This movie has a very special central performance by the lead Claire Foy who is known for her television role in “The Crown” (2016-2017) but who has been making movies as well as other television projects for a number of years, but now with such a high profile in the US as well as around the world is now trying to distance herself from her breakout role by taking very different parts. In “Unsane” Foy has to play a character on many different levels as well as take a role like few seen in cinema before, she is a victim in her own story who has to accept her fate, while at the same time becoming the hero in her own story all the while balancing her fragile mindset, we as the audience actually forget why she was seeking help in the first place, that is until the very end which is masterfully directed as well as acted.
There are other acting highlights within the movie, the highlights of which are the criminally underused Amy Irving as the mother who while having limited screen time defies what could have been a trope laden character and shows why she was such a presence in American cinema. The other two performances of note are Jay Pharoah and Juno Temple as fellow inmates who both play very different roles in the movie but are both excellent character actors that interact with their surroundings uniquely especially for a movie like this that has very honestly motivated characters, there are no twists what you see with each one is what you get.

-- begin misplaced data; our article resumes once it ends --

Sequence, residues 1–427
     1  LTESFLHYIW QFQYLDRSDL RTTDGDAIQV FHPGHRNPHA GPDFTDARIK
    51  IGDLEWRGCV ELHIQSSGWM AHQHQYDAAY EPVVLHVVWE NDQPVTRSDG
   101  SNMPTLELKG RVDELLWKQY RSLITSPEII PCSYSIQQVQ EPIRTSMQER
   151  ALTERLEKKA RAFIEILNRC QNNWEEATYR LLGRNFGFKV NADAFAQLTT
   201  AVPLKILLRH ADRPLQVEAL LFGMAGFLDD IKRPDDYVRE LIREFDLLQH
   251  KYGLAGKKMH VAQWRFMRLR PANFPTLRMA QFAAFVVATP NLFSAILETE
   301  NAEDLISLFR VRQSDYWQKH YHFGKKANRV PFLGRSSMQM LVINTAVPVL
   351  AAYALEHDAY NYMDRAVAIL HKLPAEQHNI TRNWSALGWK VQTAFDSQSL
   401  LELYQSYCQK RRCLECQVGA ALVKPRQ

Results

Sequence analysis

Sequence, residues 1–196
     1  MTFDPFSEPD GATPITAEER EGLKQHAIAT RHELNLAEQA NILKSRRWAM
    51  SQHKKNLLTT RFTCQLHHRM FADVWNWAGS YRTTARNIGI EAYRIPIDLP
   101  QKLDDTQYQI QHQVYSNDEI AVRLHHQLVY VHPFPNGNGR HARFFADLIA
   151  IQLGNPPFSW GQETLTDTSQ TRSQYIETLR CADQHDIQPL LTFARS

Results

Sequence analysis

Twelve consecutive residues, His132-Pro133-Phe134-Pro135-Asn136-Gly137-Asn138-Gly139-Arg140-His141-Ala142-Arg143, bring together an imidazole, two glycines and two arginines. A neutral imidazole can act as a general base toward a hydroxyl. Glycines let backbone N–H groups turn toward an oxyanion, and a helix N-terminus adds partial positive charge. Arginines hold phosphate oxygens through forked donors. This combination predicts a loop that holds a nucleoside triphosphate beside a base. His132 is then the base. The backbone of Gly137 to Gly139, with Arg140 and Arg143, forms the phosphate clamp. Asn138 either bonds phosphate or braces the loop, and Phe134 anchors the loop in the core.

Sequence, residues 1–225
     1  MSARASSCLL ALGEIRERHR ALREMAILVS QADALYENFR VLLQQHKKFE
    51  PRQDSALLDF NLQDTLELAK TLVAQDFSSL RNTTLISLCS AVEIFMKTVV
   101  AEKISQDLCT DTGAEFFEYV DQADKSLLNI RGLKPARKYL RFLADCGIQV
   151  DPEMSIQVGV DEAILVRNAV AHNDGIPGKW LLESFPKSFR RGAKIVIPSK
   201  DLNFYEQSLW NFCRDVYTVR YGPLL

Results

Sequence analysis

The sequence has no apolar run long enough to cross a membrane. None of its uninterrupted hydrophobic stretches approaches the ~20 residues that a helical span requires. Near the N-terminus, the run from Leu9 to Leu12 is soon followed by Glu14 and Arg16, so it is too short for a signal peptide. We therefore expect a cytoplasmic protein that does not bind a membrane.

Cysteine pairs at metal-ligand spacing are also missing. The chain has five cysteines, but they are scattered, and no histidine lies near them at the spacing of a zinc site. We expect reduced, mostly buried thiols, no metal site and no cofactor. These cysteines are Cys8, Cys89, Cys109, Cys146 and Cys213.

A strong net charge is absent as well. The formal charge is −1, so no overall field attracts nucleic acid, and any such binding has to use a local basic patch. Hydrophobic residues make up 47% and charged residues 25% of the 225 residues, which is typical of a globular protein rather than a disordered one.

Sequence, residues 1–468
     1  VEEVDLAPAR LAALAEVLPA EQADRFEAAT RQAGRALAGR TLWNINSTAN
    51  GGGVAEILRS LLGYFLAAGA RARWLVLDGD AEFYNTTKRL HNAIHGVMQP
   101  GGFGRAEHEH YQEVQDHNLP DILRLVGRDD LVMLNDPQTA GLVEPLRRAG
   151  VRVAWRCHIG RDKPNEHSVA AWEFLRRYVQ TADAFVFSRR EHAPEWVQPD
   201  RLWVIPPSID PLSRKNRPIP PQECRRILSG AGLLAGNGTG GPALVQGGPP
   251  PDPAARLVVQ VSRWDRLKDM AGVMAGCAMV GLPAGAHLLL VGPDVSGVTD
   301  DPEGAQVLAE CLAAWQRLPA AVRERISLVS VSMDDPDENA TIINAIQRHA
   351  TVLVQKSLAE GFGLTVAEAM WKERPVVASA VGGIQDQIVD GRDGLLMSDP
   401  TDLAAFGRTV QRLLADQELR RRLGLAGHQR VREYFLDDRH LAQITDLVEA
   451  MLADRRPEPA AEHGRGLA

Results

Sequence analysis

This is primarily a thriller about a person stuck in one location being held against her will but in a strange turn of events, legally which is a dichotomy that she has to solve. Thrown into the mix are another few elements which I will not spoil but do not disappoint at all, in fact the audience is held in a state of tension for almost the entire movie which is something to behold, Soderbergh playing Hitchcock in his own way, exploring a genre that he has not really visited before which is again extremely refreshing especially for a director of his stature.
The final thing to say is the look of this movie is almost unique amoung cinema releases with some very explicit lighting within the asylum which is juxtaposed to the lighting on the outside, with almost an overexposed look versus a look straight out of a paranoid horror movie. Soderbergh has once again set himself up as his own cinematographer, utilising an iPhone 7 to shoot this project which does look incredible just as it should with a signature of low angles that take advantage of long hallways as well as using deep focus in some cases to make the movie look ‘bigger’ than it actually is.
“Unsane” is one of those rare movies that because of the performances, the story and the production talent really does hold up under repeat viewings on either DVD or Blu-ray but I would suggest the latter as the lighting really plays a large part which a clearer picture picks up a lot better in terms of quality.
“Unsane” is out now on DVD & Blu-ray.